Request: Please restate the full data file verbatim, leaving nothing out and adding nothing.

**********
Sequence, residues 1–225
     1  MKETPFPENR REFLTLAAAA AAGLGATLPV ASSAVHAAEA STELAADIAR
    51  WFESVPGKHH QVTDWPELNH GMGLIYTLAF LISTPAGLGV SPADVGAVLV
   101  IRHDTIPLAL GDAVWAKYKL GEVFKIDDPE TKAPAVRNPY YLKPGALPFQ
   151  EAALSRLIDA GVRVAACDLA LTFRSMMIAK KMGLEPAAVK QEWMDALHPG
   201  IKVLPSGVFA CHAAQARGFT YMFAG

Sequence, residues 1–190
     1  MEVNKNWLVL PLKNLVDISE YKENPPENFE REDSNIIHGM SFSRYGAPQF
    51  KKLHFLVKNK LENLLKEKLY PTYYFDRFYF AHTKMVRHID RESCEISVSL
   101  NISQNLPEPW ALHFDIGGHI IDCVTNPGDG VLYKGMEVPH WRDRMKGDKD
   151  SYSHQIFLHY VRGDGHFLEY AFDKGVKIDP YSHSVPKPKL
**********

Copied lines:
Sequence, residues 1–225
     1  MKETPFPENR REFLTLAAAA AAGLGATLPV ASSAVHAAEA STELAADIAR
    51  WFESVPGKHH QVTDWPELNH GMGLIYTLAF LISTPAGLGV SPADVGAVLV
   101  IRHDTIPLAL GDAVWAKYKL GEVFKIDDPE TKAPAVRNPY YLKPGALPFQ
   151  EAALSRLIDA GVRVAACDLA LTFRSMMIAK KMGLEPAAVK QEWMDALHPG
   201  IKVLPSGVFA CHAAQARGFT YMFAG

Sequence, residues 1–190
     1  MEVNKNWLVL PLKNLVDISE YKENPPENFE REDSNIIHGM SFSRYGAPQF
    51  KKLHFLVKNK LENLLKEKLY PTYYFDRFYF AHTKMVRHID RESCEISVSL
   101  NISQNLPEPW ALHFDIGGHI IDCVTNPGDG VLYKGMEVPH WRDRMKGDKD
   151  SYSHQIFLHY VRGDGHFLEY AFDKGVKIDP YSHSVPKPKL